Changes to automatic disqualification from running charities miss the point

From 1 August there will be two changes to the rules about automatic disqualification from being a charity trustee.

The first is a fairly straightforward – the number of reasons why someone can’t be a trustee are increasing.

In addition to being bankrupt or having unspent convictions relating to dishonesty or deception, you will also be automatically disqualified for having unspent convictions for terrorism or money laundering, for disobeying a Charity Commission order, or for being on the sex offenders register.

The reason for the changes are fairly unspecific, but they are not in response to anything recent: the initial consultation on the subject took place in 2013. Whilst some object to using the sex offenders register for this purpose (as you can be put on the register without being convicted of anything and kept on it for several years after any offence is ‘spent’), individuals have the right to apply for waiver, when allowing this will be ‘in the best interests of a charity’ – and presuming potential trustees want to tell everyone about their past, on the off-chance their offence is waived.

The second change is more significant – for the first time, the criteria used to disqualify people from being trustees will also be used to disqualify people from holding senior positions in charities, specifically as chief executive or in a senior finance role.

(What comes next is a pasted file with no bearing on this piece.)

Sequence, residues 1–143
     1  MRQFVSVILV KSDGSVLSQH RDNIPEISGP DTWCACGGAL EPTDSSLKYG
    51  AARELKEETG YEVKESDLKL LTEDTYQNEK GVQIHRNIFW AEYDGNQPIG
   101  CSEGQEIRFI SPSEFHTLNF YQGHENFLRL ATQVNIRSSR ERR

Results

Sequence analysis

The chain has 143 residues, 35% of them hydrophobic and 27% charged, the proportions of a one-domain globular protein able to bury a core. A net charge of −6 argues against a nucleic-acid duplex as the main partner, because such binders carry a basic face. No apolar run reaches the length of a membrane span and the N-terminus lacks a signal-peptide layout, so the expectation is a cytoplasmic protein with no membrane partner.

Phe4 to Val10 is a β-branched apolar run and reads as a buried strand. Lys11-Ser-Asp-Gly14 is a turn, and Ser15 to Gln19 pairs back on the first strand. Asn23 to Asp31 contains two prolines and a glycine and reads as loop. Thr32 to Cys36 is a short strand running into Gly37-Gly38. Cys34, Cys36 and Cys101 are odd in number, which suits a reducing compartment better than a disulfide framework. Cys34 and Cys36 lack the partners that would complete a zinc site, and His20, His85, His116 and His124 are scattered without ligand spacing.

Whatever the wrong and rights of this – and social justice charities are well-versed in the wrongs of restricting employment to ex-offenders – one effect is to further confuse the role and relationships of staff and trustees.

It seems entirely reasonable that all those accountable for the running of a charity should be held to similar standards. The problem, however, is that senior staff are not accountable. The Charity Commission makes clear that trustees and not paid staff have ‘independent control over, and legal responsibility for, a charity’s management and administration’. The best run charities have sensible relationships between chair and chief executive which allow grown-up decisions to be made. However, when disagreement arises, whilst the chair has the casting vote on a board of trustees, the chief executive doesn’t even have a vote.

Those behind the new rule presumably believe it will improve the way charities are run. In practice the change highlights the major weakness in the current model of governance for large charities, which won’t go away until senior staff are equally accountable to trustees for what happens in their charity.

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The changes have an important practical implication for all 168,000 charities in England and Wales. By 1 August 2018 you should:

  1. Check which, if any, staff posts qualify as senior manager positions, and ask identified senior managers whether they are affected by any of the automatic disqualification reasons, old and new
  2. Ask all trustees whether they are affected by the changes to the disqualification reasons
  3. Get senior staff and trustees to confirm in writing that they are still eligible to be a trustee, or will apply for a waiver before 1 August 2018 (using these or similar declarations for trustees [download] or staff [download]).

After that you need to ensure that systems for appointing trustees or senior staff are updated in advance of making any new appointments.

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If you think you would like some help updating your trustee and senior manager declarations, think again – it’s a quick job so we suggest you just get on with it. If, however, you would like some help strengthening your governance, we may be able to help, so please contact us.